Kristine Nielsen and Jeremy Webb in She Stoops to Conquer.
And I was glad I did, even though this production wasn't quite top-drawer Martin. His distinctive signature - and he's one of the few directors we see locally who really has one - was still in evidence, though: that familiar mix of sophisticated, balanced ensemble, witty sympathy, and a sense of working within, and extending, a still-kicking tradition of literate theatre. By now Martin can also summon many of the best comic actors in the country, and so She Stoops was brimming with them: there were wonderfully funny turns here from Paxton Whitehead, Jon Patrick Walker, Jeremy Webb, Brooks Ashmanskas, and particularly Kristine Nielsen (at top, with Webb).
The trouble is that Martin has gotten very chummy - even indulgent - with the stars he now calls his "family." Thus he gets hilarious, but slightly superficial, work out of most of them, and he lets a few (Brooks Ashmanskas, this means you) get away with a level of schtick that can actually obscure character (Ashmanskas's familiar, fey zaniness is as lightning-quick as ever, but it's all wrong for the crude, if clever, Tony Lumpkin).
So on the one hand She Stoops to Conquer proved a splendid evening (complete with a grand set from David Korins); but on the other hand, you left feeling that you hadn't really seen She Stoops to Conquer; instead, you'd seen a clever gloss on it. Which is too bad, because Goldsmith's one stage classic (he died shortly after completing it) takes on a subject which vexes us much these days: class. And how it intersects with sex.
For Goldsmith's main gambit in She Stoops is to convert the usual comic contrivance of mistaken identity into a blunt meditation on status; his characters don't "recognize" each other in their comic encounters not because they're in drag or disguise but because they imagine they're of different social classes (this theme makes it all the way into Goldsmith's title, btw). Scene after scene deals with social climbing, the grasping after inheritance and legacy, and fashion as a denominator of status. But the sequences that modern audiences have the most trouble with are the ones in which we discover that the romantic hero, Marlow, though socially incapacitated around women of his own station, is something of a wolf among women with less power and prestige than himself.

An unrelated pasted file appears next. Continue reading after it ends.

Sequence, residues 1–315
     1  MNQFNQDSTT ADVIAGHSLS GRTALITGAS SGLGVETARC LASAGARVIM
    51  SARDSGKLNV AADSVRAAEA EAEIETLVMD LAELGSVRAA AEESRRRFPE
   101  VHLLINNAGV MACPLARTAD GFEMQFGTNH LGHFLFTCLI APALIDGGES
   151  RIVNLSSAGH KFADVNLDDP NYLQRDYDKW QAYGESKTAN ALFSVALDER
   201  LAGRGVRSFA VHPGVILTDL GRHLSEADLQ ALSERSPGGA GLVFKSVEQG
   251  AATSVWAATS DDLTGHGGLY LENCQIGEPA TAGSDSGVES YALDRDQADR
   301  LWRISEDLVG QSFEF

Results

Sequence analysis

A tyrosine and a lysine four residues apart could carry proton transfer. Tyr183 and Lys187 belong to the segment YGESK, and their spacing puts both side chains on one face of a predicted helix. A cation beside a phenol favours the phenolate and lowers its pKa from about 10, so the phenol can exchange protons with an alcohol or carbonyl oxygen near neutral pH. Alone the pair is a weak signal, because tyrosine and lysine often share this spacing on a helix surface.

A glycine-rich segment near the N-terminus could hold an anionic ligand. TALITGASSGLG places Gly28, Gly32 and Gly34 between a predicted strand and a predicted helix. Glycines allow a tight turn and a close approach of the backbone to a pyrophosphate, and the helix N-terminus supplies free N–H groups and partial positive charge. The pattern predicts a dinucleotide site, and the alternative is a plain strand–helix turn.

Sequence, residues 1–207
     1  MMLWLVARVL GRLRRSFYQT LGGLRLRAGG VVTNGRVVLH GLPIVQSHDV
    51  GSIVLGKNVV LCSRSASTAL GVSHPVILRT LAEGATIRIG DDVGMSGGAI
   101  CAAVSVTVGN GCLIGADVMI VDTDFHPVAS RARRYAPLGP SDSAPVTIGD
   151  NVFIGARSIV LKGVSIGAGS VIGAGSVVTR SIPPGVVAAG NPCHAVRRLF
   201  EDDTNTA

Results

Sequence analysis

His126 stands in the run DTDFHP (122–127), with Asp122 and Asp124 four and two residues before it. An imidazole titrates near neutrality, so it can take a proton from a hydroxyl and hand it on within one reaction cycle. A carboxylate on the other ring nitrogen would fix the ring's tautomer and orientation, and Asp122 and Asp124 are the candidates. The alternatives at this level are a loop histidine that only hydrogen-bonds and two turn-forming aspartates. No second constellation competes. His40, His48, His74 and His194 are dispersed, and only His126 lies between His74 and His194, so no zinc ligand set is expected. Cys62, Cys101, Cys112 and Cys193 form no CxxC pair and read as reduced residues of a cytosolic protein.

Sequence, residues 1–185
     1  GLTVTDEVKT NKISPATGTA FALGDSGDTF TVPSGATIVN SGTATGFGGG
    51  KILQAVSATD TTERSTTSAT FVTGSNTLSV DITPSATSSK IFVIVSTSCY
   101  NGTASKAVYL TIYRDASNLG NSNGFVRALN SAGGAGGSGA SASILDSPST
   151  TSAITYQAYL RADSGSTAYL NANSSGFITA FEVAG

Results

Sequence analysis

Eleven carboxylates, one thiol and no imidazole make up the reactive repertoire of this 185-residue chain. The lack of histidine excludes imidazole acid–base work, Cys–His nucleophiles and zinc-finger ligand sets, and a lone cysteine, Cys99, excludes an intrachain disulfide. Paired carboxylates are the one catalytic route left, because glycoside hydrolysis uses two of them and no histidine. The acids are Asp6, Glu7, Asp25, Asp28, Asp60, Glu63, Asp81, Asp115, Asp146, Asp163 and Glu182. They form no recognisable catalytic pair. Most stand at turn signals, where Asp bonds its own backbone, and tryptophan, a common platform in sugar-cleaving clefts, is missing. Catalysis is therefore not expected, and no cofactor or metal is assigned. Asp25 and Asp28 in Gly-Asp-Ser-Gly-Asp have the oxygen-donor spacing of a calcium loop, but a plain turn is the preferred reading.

These days, of course, we're quite uncomfortable with this basic truth of human (not just masculine) nature - even though many, if not most, of us behave much like Goldsmith's hero; we observe different moral and social standards with people above and below us in the food chain (and this tendency is probably increasing; hence, perhaps, our elaborate chagrin at its prevalence!). What's funniest about She Stoops to Conquer, however, is that not only are we offended the playwright should be so forthright about his characters, but also that he should be so forthright about us - for structuring his gags the way he does implies a straightforward understanding of how they'll be received by the audience. This play does, indeed, hold the mirror up to nature - only we're none too pleased by what we find there!
Worse still, Goldsmith is utterly forgiving of his characters' foibles - even when they edge beyond callous seduction toward actual larceny. (Another irony of the recent critical response to She Stoops is that most critics seem to miss that the play's most problematic villain is a woman - the grasping Mrs. Hardcastle.) The playwright does punish his wrongdoers - Marlow gets quite the comeuppance, in fact - but his fiancee blithely forgives him (as does Mrs. Hardcastle's husband) and does anyone really "learn" or change? Probably not; Goldsmith's too much of a realist for that. (It also may be worth mentioning that the Shakespearean comedy dealing most realistically with class - All's Well that Ends Well, currently on the Common - is also considered a "problem play.")
Mrs. Hardcastle to the rescue!